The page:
Tensions are rising between Egypt and Ethiopia over the latter’s Grand Renaissance Dam. Continue reading
The 4×4 roars off, kicking up a cloud of dust. With one hand on the wheel, the other stifling a yawn, Semegnew Bekele could do this trip with his eyes shut. A construction engineer, he has driven down this track at every hour of the day or night over the past three years. “Ordinary people are building an extraordinary project,” he says. He is referring to the Grand Ethiopian Renaissance dam (Gerd), in the north-west corner of the country close to the border with Sudan. Four hours away from the town of Assosa more than 8,500 workers and engineers are labouring on a massive project to harness the waters of the Blue Nile.
The countdown has already started for Bekele: he has three years left to complete this concrete colossus. “I don’t feel like a special person,” he says, “just an engineer leading the project.” True enough, the driving force behind the dam is former prime minister Meles Zenawi, who ran the country for more than two decades. He was obsessed with the country’s rebirth. The structure will be built, whatever the cost, he asserted, upon laying the first stone in April 2011. He died the following year. Continue reading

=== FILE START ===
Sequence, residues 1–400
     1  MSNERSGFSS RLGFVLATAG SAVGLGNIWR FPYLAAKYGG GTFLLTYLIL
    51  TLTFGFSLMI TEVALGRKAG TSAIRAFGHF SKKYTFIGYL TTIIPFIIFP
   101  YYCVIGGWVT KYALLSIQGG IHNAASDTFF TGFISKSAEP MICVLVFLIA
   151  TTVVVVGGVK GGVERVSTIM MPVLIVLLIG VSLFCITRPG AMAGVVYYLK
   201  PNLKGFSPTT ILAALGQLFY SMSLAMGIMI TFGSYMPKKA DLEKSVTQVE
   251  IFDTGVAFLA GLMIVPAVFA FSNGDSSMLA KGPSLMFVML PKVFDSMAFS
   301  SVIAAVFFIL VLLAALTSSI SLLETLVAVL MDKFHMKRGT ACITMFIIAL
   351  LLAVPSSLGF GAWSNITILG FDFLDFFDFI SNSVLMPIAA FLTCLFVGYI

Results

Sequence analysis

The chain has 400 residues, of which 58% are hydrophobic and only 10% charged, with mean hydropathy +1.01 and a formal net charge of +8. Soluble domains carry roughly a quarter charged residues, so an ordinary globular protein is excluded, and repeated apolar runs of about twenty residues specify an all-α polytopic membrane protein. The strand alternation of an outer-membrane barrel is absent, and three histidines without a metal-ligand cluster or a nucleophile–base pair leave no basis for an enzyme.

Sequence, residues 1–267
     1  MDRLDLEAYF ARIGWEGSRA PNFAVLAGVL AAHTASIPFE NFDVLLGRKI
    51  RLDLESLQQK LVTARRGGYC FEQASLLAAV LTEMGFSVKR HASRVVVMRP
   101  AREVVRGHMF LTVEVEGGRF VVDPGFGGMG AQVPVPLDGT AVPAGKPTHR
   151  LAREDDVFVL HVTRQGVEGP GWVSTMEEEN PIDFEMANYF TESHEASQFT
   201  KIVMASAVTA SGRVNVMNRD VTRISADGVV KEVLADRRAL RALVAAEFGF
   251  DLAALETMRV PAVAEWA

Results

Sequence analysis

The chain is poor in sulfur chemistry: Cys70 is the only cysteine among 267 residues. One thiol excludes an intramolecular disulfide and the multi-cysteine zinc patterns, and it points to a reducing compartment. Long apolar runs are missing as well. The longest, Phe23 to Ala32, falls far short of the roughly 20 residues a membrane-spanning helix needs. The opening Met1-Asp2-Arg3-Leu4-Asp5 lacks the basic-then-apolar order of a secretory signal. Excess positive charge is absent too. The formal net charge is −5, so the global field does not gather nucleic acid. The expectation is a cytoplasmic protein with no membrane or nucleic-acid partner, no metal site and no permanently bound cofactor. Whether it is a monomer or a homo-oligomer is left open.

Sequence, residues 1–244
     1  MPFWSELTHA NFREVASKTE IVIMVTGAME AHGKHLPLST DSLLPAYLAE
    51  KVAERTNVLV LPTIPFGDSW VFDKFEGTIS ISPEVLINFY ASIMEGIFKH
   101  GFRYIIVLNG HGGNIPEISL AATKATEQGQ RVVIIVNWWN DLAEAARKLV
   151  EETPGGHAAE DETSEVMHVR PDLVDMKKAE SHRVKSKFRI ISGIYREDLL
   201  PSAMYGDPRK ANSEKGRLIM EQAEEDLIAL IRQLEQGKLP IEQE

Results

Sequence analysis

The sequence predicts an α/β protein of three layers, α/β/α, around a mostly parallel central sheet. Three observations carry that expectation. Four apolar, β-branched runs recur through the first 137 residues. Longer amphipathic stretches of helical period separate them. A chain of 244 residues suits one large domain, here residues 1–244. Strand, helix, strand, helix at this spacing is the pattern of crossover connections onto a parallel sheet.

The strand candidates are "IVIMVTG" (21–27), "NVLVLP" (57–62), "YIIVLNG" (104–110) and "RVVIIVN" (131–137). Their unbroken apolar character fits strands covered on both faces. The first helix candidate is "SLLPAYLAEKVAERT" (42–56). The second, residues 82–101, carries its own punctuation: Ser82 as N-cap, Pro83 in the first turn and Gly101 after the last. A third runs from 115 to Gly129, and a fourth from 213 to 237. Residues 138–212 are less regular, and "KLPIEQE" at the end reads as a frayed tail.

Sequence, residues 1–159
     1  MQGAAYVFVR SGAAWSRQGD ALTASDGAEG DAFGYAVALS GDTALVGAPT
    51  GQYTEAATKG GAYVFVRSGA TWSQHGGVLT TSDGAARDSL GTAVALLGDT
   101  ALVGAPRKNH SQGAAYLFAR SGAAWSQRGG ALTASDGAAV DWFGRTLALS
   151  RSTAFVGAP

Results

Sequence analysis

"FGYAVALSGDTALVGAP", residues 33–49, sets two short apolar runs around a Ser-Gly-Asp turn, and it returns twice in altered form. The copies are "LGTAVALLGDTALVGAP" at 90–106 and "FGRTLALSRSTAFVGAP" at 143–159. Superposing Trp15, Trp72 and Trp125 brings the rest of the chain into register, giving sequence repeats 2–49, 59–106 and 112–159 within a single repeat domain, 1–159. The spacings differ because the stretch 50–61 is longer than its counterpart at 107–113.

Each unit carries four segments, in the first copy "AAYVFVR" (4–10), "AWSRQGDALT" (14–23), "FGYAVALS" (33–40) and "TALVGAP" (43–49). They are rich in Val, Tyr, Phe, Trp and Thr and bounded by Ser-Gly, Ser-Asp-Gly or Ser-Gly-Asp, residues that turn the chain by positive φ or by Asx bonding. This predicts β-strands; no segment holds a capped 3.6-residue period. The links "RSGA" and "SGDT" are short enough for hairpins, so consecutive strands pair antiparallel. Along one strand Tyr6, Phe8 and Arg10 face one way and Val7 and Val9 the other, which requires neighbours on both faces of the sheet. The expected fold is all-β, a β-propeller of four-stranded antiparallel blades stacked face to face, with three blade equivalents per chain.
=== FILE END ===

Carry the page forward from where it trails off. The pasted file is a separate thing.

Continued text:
JERUSALEM — Defying threats of war emanating from Egypt, Ethiopia’s parliament has endorsed an agreement with five other African countries refuting Egypt’s claim to near-exclusive rights to the waters of the Nile River.
The vote last Thursday was approved unanimously by the 547-member legislature after Ethiopian Prime Minister Hailemariam Desalegn said that Egypt’s leaders would not go to war unless they “go mad.” Continue reading
As new stories regarding this begin surfacing, it’s beginning to seem as if Egypt’s problem is more likely a neighboring country rising to power, as a hydro-electric dam doesn’t necessarily stem the flow of water, therefore manipulating the downstream flow. It relies on the water flowing to generate electricty.
CAIRO – Egypt will demand that Ethiopia stop construction of a Nile river dam and warned “all options are open” if it harms its water supply, advisers to President Mohamed Morsi said on Wednesday.
“It is Egypt’s right to defend its interests,” said Ayman Ali, one of Morsi’s advisers, in comments carried by the official MENA news agency.
“Other people have a right to seek their own interests. But there must be guarantees that the Ethiopian dam will not harm Egypt, otherwise all options are open,” he added. Continue reading